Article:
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SOWETAN | Maintain infrastructure to avoid crisis

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Image: Chris Van Lennep

At least 15 communities in Gauteng have not had water at different periods in the past four weeks. Those are just the ones we’ve counted.

The problem is much more prevalent. This is because of various reasons that ultimately come down to infrastructure that is poor and prone to breakdowns or lacks adequate capacity to cater for a growing urban population.

Scores of people queuing up at water tankers have become a familiar sight in many parts of the province and the country. This week, Jojina Kgantshi, a resident of Mabopane, told us, “For months, we have been receiving water at night only in our homes but since last week Wednesday, taps have been running dry.

I’m unable to wash and clean my house because we have to use the little that we get from the water tanker cautiously. ”Water outages at hospitals are common place, further compromising the often poor quality o fhealth care at public facilities. So serious is the situation that water and sanitation minister Senzo Mchunu held imbizos in parts of Gauteng this week.

His proposal? Water shifting, a practice which in theory will have Rand Water shift supply from one adequately resourced reservoir to one that needs a boost for a certain period and visa versa. Simply put, Rand Water is being asked, to divert water to neighbouring communities when one area has enough and another has run out.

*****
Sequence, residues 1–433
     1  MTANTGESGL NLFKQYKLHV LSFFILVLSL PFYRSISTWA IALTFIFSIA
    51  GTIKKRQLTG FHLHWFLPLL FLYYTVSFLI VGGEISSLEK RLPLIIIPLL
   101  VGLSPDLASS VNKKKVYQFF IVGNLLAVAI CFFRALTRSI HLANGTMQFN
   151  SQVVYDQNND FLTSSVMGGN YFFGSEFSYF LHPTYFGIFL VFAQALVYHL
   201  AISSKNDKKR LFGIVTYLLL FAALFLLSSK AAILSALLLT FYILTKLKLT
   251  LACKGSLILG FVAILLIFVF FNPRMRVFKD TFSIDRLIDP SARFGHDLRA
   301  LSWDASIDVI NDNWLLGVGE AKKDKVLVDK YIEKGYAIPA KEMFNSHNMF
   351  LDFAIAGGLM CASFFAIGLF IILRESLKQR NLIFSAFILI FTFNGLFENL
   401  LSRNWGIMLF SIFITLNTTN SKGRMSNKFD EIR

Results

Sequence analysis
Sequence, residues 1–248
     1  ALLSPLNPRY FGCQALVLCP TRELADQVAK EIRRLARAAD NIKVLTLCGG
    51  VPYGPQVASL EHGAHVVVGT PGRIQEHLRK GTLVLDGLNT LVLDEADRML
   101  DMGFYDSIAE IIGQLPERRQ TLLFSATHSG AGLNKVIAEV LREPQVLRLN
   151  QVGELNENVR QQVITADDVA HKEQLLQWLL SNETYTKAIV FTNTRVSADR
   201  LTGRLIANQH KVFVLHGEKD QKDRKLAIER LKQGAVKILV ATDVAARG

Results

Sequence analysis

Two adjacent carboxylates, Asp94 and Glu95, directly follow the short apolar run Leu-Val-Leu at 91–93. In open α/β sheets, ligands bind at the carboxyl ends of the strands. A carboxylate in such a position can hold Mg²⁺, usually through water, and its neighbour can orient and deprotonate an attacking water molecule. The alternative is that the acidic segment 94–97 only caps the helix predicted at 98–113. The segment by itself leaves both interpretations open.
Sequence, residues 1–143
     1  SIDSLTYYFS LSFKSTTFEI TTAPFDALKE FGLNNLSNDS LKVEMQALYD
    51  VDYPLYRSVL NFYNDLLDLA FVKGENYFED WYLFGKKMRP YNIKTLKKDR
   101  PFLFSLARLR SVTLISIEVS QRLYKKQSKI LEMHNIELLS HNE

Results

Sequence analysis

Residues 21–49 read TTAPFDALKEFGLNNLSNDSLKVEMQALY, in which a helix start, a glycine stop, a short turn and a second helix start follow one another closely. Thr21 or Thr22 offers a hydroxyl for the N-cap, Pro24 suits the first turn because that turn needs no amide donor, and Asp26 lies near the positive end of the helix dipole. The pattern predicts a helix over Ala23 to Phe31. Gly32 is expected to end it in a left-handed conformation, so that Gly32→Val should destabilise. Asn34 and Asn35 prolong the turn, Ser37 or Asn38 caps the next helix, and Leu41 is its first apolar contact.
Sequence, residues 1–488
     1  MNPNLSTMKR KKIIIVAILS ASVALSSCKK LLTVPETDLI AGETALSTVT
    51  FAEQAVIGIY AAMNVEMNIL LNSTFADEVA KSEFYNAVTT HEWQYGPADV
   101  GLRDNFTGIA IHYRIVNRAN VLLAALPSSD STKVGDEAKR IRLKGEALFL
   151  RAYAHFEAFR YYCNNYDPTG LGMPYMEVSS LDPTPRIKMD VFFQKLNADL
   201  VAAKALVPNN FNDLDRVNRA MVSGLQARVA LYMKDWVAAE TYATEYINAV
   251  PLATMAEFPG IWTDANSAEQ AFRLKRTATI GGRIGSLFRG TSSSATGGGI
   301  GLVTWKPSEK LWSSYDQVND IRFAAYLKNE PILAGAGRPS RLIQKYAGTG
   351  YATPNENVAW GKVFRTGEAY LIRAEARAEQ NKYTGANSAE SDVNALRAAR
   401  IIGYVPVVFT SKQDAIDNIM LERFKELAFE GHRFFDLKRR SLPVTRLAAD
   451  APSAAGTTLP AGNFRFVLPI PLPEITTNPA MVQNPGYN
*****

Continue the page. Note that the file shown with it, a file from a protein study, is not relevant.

As stated, in theory, it makes logical sense. But water expert Anthony Turton told this publication that our infrastructure is not geared toward supporting watershifting. He suggests that it may take some intricate work of engineering to achieve this object. Even then the proposal, he says, may be premised on conservative estimations of consumption in different areas, which may differ to the reality of in-migration.

Be that as it may, the intervention is welcome as an interim measure, provided it is functionally possible. However, it is only a stop gap to potentially minimise the impact of the problem in the short term. We need a permanent solution to our infrastructure crisis. It will take substantial investment, technical capacity and the political will to implement sustainable solutions.

 


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